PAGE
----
Our Taste for Cheap Palm Oil Is Killing Chimpanzees
Manufacturers love palm oil because it’s cheap. Your favorite snacks, cosmetics, soaps, and more likely use it as an ingredient. And thanks to oil palm plantations springing up in Africa, chimpanzees are in danger of extinction.
Just 30 years ago, the rainforests of Southeast Asia covered vast swaths of Indonesia and Malaysia with a verdant canopy of biodiversity. A cacophony of sounds—birds chirping, insects buzzing, orangutans calling—filled the air, echoes of one of the most biodiverse regions on Earth. Then the oil palm plantations came, cutting down tract after tract of ancient forest to make room for one of the world’s next big cash crops.
Now, much of the rainforest on Indonesia and Malaysia is gone, lost to acres of oil palms planted by international conglomerates and other causes. Despite the high ecological cost of palm oil, its cheap price has kept demand high. With little room to expand, corporations have their sights set on a new location: Africa. The hot, humid climate on parts of the continent is perfect for palm oil plantations.
These are also areas that are home to dwindling populations of the world’s great apes, such as chimpanzees, bonobos, and gorillas. New research published today in Current Biology mapped the locations of planned oil palm plantations with the remaining great ape habitats in western Africa. With ape populations already under threat from hunting and habitat loss, oil palm plantations are threatening what’s left. The results show that the world’s hunger for this cheap vegetable oil may be the death knell for our primate cousins.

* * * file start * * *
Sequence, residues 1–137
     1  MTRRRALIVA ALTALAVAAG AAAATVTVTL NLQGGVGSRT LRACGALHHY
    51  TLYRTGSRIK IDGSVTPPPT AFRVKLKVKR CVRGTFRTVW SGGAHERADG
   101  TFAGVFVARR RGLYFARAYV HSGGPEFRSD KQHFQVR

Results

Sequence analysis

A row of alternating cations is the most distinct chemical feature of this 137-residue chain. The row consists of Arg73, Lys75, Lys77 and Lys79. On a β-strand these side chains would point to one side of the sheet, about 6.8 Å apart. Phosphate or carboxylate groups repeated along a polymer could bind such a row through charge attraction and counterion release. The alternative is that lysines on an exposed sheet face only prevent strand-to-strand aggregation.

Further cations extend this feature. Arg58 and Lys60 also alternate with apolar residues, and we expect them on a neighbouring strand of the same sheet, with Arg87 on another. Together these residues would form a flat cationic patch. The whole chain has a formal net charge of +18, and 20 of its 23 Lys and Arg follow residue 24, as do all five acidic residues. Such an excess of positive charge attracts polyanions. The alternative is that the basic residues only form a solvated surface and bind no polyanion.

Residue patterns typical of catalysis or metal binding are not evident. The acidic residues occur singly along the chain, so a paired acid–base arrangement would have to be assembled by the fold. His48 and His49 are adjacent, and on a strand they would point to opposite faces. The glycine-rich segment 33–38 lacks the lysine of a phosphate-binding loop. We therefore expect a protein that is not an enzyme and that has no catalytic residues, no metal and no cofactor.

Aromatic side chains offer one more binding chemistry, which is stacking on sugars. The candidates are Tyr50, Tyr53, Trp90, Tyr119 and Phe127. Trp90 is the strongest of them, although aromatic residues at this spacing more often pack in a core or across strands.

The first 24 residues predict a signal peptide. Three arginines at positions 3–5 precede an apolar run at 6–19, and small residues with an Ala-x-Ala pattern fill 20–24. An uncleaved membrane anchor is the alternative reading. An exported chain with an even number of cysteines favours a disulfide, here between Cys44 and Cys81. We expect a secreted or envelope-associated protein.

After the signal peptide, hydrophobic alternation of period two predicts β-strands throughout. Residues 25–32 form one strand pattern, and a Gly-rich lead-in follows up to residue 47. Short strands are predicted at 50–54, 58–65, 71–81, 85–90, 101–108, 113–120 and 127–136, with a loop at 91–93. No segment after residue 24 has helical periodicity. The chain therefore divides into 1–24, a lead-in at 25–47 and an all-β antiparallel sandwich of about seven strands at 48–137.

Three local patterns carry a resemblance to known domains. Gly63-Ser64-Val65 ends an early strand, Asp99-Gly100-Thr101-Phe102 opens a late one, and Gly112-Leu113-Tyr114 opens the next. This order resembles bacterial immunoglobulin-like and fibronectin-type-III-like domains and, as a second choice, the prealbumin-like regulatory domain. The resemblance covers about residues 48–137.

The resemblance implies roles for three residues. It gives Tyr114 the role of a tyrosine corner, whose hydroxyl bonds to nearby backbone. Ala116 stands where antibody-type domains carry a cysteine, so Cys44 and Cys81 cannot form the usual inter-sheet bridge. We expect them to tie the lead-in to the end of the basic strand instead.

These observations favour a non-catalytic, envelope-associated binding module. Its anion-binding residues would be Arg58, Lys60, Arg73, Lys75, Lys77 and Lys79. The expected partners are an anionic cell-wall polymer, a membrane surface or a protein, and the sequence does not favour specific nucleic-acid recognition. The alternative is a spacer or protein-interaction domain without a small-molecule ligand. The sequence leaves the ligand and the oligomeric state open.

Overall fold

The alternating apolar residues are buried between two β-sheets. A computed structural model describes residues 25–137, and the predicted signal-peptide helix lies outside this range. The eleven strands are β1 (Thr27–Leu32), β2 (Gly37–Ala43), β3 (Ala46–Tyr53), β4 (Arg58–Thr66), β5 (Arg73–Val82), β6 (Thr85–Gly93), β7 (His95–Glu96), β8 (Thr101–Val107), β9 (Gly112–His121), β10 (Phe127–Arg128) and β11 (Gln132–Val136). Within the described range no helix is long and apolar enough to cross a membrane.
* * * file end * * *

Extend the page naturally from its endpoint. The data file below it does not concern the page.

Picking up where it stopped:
“If industrial palm oil plantations come to western Africa, I don’t know if conservation can succeed there. At some point, the whole system will just fall apart,” said Joshua Linder, a primatologist at James Madison University.
The oil palm is native to Africa and has been used there for thousands of years. Oil palm plantations, however, are a new phenomenon, around 30 years old. Always on the lookout for cheaper versions of popular ingredients, companies happened across palm oil as a good vegetable oil substitute. Large plantations devoted to growing oil palms and then processing the kernels began to spring up in Southeast Asia, especially in Malaysia and Indonesia. In fact, its cheapness is the main thing that palm oil has going for it.
“It’s not a particularly healthy oil, but it’s extremely cheap,” said Serge Wich, a primatologist at Liverpool John Moores University.
Palm oil is so cheap because the trees are extremely productive. They can begin to bear fruit within just four years, and continue to do so for around 25 years.